The two prevalent numbers for the middle class are net worth and credit score. These numbers are, however, not very useful if you wish to retire very early. Credit score measures your ability to take on debt and be obligated to work for others, and net worth says very little about how well your money is actually working for you. For instance, I did not start a credit history until 2006 and I did not start a tax-advantaged retirement plan until 2007. Both happened after I got financially independent.
To properly evaluate an early retirement approach e.g. an approach that does not involve 30 years of working and paying off bills, other numbers must be optimized.
The first number is the savings power.
Here x is your savings rate. For standardization, it is easiest if x is your after-tax rate. The lower Y is, the better. Numbers below 15 are pretty good. Extreme numbers are single digit. A high savings power eventually establishes a high current ratio. Therefore you must first focus on increasing savings power.
The second number is current ratio.
Current assets are the liquidation value of all your assets. It is the value of your cash + the market value of your securities + the market value of your retirement plans (minus early withdrawal penalty) + anything else you will be able to sell within a year. Current liabilities are any kind of expenses you will incur within the next year such as cost of living, debt repayment, interest payments, and so on.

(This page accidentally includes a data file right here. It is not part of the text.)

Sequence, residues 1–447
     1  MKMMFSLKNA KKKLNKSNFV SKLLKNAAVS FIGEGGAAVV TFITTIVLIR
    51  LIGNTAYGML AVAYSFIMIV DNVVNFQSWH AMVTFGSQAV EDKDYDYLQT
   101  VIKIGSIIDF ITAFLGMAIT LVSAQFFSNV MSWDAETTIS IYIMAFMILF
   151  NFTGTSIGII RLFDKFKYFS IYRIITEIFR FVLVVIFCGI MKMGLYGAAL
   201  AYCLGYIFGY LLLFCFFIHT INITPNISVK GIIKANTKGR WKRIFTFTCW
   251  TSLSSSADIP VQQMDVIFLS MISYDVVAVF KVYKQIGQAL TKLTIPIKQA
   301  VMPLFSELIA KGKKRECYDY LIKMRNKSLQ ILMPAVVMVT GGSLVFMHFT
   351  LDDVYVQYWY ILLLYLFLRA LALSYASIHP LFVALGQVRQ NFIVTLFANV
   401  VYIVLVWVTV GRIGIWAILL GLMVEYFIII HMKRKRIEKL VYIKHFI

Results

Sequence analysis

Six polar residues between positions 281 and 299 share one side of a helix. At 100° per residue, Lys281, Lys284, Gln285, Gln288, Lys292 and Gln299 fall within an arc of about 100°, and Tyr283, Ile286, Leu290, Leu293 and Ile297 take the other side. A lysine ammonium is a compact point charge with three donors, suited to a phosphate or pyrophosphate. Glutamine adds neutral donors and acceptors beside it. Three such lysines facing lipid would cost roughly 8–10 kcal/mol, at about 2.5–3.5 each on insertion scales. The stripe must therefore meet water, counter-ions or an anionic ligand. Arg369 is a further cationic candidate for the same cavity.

If you have a double digit Current Ratio you are on your way to early retirement. If you are still in the single digits, you are still looking to work for at a decade or more. Early retirement becomes a possibility once the current ratio exceeds 25.
The third and last number is cash flow. Cash flow becomes important once the current ratio is satisfied. Fortunately, there are many financial instruments that can easily be used to generate cash. Dividend yielding stocks is my favorite, but stock liquidation is also a possibility. Another possibility is REITs or simply owning land directly.
It may be wise to start setting up your cash flow some time prior to early retirement, both to get a proof of concept, but also to avoid discontinuously rearranging your assets which would result in capital gains taxes, etc.